by John Dickie
Insiders call it ‘the Craft’. To the rest of us, Freemasonry is mysterious and suspect.
Yet its story is peopled by some of the most distinguished men of the last three centuries: Winston Churchill and Walt Disney; Wolfgang Mozart and Shaquille O’Neal; Benjamin Franklin and Buzz Aldrin; Rudyard Kipling and ‘Buffalo Bill’ Cody; Duke Ellington and the Duke of Wellington. Founded in London in 1717 as a set of character-forming ideals and a way of binding men in fellowship, Freemasonry proved so addictive that within two decades it had spread across the globe. Masonic influence became pervasive.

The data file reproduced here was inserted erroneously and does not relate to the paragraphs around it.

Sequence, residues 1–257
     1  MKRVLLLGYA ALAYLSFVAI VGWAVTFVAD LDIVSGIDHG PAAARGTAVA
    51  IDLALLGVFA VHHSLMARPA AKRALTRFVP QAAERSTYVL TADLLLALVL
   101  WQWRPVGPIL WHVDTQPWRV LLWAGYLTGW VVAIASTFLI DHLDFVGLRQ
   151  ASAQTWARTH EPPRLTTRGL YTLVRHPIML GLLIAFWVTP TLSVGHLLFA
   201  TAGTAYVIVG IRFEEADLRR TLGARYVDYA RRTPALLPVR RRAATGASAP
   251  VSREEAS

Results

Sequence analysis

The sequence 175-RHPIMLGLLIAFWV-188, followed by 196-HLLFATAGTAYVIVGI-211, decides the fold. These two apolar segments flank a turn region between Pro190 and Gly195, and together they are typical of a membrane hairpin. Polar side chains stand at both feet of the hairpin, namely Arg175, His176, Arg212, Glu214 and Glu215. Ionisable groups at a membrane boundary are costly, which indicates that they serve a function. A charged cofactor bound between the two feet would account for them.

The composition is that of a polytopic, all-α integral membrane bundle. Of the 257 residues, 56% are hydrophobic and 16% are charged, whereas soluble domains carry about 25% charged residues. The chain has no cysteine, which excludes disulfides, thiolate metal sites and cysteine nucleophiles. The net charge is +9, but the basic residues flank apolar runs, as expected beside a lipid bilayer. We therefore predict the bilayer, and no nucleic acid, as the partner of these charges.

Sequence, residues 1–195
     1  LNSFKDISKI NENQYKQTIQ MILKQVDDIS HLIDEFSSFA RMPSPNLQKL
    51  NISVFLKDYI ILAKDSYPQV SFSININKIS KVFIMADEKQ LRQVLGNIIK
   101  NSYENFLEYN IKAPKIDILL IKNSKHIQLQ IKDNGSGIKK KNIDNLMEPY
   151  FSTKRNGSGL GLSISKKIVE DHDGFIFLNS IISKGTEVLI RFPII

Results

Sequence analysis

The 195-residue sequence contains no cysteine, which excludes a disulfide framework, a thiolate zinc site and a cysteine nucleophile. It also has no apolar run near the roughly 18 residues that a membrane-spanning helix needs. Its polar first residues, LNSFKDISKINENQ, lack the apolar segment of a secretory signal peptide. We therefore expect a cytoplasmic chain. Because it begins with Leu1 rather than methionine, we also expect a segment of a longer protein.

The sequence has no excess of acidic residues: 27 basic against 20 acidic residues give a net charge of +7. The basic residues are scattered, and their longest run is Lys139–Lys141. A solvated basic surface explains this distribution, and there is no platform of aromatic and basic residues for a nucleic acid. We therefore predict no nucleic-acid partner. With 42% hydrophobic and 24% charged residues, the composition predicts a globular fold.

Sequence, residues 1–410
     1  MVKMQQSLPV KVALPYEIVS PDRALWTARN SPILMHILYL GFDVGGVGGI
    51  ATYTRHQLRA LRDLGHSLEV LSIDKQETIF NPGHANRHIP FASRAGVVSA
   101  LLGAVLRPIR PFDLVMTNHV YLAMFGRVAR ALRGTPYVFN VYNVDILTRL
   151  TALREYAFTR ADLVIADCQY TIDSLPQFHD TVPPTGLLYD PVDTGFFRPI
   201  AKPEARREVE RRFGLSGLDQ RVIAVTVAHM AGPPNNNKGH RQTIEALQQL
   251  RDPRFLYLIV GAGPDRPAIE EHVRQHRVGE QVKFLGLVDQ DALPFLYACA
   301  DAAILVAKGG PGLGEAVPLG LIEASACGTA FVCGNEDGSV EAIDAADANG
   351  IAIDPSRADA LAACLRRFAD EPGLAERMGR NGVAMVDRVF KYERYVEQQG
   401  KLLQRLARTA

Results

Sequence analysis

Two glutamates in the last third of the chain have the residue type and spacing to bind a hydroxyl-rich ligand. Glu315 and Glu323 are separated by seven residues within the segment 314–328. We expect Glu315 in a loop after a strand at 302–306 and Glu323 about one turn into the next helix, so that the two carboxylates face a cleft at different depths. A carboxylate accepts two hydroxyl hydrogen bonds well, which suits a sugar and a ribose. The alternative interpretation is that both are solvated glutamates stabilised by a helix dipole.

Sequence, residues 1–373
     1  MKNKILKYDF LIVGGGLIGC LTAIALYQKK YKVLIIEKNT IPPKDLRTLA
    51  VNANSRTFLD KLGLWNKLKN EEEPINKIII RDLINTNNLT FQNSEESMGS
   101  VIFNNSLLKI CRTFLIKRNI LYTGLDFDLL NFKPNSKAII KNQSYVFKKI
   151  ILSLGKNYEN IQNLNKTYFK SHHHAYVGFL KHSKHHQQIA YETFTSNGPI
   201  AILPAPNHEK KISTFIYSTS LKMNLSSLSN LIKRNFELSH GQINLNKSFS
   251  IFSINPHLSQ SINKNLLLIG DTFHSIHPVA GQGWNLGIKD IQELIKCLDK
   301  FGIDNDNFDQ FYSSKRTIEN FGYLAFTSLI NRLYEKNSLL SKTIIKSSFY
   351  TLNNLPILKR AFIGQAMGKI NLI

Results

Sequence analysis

Under George Washington, the Craft became a creed for the new American nation. Masonic networks held the British empire together. Under Napoleon, the Craft became a tool of authoritarianism and then a cover for revolutionary conspiracy.
Both the Mormon Church and the Sicilian mafia owe their origins to Freemasonry. The Masons were as feared as they were influential. In the eyes of the Catholic Church, Freemasonry has always been a den of devil-worshippers.
For Hitler, Mussolini and Franco the Lodges spread the diseases of pacifism, socialism and Jewish influence, so had to be crushed. Professor Dickie’s The Craft is a surprising and enthralling exploration of a movement that not only helped to forge modern society, but still has substantial contemporary influence. With 400,000 members in Britain, over a million in the USA, and around six million across the world, understanding the role of Freemasonry is as important now as it has ever been.